When a disk starts to go bad, it’s really important to act fast. We may only have a few more reads left until it stops spinning or the chips fail. Even worse, if we don’t know it’s happening, the data could be irretrievably lost without warning.
It’s like looking for a needle in a fleet of haystacks. It’s arduous to collect all the logs across a fleet of hosts. Then slothing through the mountain that is each log file looking for the magic words that means impending failure. All the while ignoring the irrelevant debug messages that worked their way in. And sure enough, as soon as we finish the data is stale and we need to begin again. This is definitely no way to keep track of a fleet of online properties.
Automating this with tools like Ansible only goes so far. The operator needs to know to look for an issue. Most of the time, they’ll run the Ansible command only to have it come back clean. “Should I really run this every day when I’ve gotten no value from it in months? There are so many more urgent tasks,” says the Ops team. And suddenly it’s been months since we checked. And then there’s the dreaded ticket from a user complaining of data loss. Oops.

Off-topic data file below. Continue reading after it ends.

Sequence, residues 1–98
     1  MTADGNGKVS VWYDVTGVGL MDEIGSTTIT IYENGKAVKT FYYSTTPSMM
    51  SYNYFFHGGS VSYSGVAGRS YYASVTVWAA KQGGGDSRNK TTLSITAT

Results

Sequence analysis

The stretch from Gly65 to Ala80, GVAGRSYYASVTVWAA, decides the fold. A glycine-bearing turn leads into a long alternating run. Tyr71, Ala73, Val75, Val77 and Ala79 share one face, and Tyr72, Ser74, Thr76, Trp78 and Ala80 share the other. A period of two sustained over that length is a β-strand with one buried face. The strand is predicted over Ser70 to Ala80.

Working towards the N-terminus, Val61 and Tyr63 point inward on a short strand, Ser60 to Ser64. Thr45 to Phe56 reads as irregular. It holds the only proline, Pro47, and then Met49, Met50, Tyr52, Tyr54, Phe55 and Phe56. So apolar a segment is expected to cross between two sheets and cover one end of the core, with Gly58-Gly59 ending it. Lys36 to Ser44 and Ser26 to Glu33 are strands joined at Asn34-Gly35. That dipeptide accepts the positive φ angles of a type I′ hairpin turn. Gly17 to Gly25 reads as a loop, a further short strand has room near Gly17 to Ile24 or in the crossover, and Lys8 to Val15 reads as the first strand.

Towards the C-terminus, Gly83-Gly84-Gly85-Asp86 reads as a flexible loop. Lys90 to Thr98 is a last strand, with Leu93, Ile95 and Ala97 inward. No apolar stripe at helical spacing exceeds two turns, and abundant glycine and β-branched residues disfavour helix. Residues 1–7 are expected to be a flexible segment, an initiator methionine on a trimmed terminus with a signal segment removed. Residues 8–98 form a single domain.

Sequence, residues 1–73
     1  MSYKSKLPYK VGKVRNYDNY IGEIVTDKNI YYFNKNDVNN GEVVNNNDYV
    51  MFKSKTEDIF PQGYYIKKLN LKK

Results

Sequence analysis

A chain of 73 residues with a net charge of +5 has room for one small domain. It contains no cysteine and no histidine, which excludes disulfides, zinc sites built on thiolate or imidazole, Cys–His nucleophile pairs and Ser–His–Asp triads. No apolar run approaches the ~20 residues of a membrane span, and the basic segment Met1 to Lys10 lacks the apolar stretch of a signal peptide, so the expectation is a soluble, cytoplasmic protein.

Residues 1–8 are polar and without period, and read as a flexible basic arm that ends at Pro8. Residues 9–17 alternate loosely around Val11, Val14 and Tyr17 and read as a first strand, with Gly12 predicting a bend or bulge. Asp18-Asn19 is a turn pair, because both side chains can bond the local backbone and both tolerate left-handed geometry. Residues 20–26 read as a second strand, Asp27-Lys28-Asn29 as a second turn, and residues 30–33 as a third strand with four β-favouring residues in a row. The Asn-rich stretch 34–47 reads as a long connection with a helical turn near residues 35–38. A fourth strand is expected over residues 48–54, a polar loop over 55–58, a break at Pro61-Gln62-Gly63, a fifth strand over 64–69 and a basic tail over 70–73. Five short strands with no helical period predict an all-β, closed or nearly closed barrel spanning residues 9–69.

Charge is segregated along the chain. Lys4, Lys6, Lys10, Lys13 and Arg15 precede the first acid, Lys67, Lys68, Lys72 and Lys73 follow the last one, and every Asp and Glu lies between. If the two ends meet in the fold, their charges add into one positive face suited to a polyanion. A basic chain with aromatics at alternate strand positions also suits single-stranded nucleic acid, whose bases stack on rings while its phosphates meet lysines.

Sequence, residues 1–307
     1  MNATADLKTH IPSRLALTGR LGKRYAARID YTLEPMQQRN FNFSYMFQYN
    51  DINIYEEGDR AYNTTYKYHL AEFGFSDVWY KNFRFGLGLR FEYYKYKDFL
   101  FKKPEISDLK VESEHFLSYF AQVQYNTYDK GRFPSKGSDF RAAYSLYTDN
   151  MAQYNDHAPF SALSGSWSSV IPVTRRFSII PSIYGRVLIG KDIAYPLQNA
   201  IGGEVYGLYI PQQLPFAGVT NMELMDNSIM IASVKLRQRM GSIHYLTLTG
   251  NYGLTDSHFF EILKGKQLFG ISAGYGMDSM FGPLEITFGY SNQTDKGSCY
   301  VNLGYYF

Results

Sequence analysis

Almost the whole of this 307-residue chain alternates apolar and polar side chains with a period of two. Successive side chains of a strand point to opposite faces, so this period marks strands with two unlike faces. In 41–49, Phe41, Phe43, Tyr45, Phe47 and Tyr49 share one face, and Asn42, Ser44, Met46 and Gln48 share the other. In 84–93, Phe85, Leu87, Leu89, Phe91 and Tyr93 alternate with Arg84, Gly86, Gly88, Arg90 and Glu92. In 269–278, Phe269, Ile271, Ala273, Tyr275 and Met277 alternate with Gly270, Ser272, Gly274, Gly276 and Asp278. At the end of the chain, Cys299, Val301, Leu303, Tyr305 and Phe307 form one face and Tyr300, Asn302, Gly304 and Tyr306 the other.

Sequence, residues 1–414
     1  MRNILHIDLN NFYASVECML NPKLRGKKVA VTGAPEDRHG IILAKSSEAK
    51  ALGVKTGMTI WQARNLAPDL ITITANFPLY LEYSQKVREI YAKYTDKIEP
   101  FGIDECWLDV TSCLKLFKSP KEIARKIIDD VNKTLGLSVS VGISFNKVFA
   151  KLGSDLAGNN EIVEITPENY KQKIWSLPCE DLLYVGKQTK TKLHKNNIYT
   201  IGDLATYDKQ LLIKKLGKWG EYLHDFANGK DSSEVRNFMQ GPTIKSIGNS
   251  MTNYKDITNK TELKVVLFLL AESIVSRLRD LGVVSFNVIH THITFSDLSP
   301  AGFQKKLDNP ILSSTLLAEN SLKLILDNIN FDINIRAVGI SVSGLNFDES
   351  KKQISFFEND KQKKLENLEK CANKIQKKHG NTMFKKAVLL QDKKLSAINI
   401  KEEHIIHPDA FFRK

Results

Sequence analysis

Shoreline has an agent on each host specifically looking through kern.log, matching a specific regular expression, looking for problematic log statements. Are SMART errors starting to build up? Is write speed suddenly and dramatically increasing? Are we getting CRC errors in files? If the matching log is found, an alert is raised in the Shoreline dashboard, and optionally in an external ticketing system, If configured, Shoreline can immediately start copying critical business information to another network location.